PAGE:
Catered Affair, The (DVD Review)5 Sep, 2011 By: Mike Clark
Available via WBshop.com’s Warner Archive
Stars Bette Davis, Ernest Borgnine, Debbie Reynolds, Barry Fitzgerald, Rod Taylor.
Though you do have to wonder about the degree to which the plight of a Bronx Irish-Catholic cab driver and family were in the blood of Gore Vidal, I’ve always had a soft spot for his screen adaptation of Paddy Chayefsky’s teleplay, first presented the previous year as a Thelma Ritter starrer for “Philco-Goodyear Television Playhouse.” Ritter was then recently off a streak that had seen her get five supporting actress Oscar nominations in five years, a run rather amazingly broken when she somehow failed to get nominated for 1954’s Rear Window. But the movie version didn’t do badly by landing Bette Davis — who, no, doesn’t play the cab driver.
This would be Ernest Borgnine, back in the Bronx with Chayefsky following 1955’s Marty, an Oscar winner somewhat maligned today though a movie I will always love. (A guy walking into a Bronx neighborhood bar that year and kudo-ing a Yankees double-header win will always understand what real guys are all about). But whereas Marty dealt with a universal problem — the striving of even plain-looking folks for love — Affair is more specific in dealing with a daughter’s intended simple wedding that gets out of hand, due to societal, in-law and familial pressures.
In support of Davis and Borgnine (among the career highs for him), Debbie Reynolds plays the daughter in a performance that eventually led to another of those eccentric but not necessarily insane acting picks by the National Board of Review in their annual year’s-best voting. Making one wonder how someone this cute could be the fruit of this particular union parental reunion, the Reynolds character also has a practical head on her shoulders. Grabbing the opportunity for an immediately available cross-country honeymoon on wheels — it has to do with the car owner’s wife being pregnant — she and her honey (Rod Taylor in glasses, but still in his early hunk-period) want to get married on a dime so they can take off in less than week. But the Bronx biddies at the local fishery hear the word “pregnant” and get suspicious about this nuptials rush job. Result: Mom Bette starts opting for a much more lavish break-the-bank ceremony — precisely at a time when her husband is hoping to put the family’s life saving toward his own cab.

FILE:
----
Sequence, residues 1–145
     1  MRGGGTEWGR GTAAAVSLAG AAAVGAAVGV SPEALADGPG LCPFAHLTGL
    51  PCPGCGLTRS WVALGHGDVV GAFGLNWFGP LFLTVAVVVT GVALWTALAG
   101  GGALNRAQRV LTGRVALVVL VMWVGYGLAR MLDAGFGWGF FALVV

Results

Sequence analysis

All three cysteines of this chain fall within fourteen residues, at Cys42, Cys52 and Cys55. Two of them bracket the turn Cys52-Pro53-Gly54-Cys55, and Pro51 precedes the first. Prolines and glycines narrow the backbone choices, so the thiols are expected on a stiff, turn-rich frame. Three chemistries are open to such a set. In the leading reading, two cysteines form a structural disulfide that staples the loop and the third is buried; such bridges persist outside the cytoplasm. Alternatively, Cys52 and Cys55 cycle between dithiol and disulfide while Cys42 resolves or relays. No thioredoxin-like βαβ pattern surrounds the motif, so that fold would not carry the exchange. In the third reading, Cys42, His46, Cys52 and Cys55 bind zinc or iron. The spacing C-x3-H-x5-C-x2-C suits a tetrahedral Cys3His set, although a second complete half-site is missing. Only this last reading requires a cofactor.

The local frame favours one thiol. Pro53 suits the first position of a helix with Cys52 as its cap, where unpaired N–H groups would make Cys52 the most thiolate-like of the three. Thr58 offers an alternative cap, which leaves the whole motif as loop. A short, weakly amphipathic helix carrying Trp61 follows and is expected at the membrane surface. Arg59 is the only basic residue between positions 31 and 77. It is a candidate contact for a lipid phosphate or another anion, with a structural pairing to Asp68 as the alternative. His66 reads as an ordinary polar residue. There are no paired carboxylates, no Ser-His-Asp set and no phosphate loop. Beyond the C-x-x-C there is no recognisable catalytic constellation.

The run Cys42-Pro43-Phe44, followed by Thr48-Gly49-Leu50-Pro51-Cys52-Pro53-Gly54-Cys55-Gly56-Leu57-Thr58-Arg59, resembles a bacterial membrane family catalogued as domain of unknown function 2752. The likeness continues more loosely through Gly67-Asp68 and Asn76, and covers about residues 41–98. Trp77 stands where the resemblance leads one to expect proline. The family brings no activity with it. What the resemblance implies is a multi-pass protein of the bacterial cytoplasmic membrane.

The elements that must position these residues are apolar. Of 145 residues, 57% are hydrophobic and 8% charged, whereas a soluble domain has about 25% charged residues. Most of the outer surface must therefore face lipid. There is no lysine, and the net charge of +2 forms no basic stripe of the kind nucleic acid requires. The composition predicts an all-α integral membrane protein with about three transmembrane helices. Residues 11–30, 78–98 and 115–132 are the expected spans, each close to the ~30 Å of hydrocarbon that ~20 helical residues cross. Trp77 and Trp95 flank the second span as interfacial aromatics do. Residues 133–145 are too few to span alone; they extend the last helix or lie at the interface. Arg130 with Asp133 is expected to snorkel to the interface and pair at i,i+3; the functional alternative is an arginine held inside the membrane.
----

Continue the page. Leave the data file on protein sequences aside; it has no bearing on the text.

Talk about an interesting contrast to An American Family: If you analyze Affair only a little, you discover one sick, twisted movie about a mother living her life through — and against the needs of — a child (to say nothing of dad and a bridesmaid who is now priced out of the ceremony). But the performances are persuasive, including one of those dependable turns by Barry Fitzgerald (as a live-in uncle who enjoys his snorts at the “Green Grass Grill”) and future Hollywood agent Ray Stricklyn as a younger brother who, like so many males in the ‘50s, knows the peacetime draft is about to get him.
The lovely score is by Andre Previn and the cinematography is by Mr. Film Noir himself, John Alton — more indication of the talent budget MGM coffers blew for a film that (lightning-from-a-blue-sky Marty notwithstanding) was never likely to be much of a hit. The director is Richard Brooks, a filmmaker I never liked — but working here on an agreeably modest level from the period before that long period where (paraphrasing critic Andrew Sarris) he kept choosing projects he knew he’d have to compromise (e.g. The Brothers Karamazov, sexually frank Tennessee Williams plays, Elmer Gantry, Lord Jim). I don’t know why he shoots so many discomforting close-ups here, but the movie is easy to take and apparently beloved by quite a few, judging from the volume of reader huzzahs for it on IMDb.com.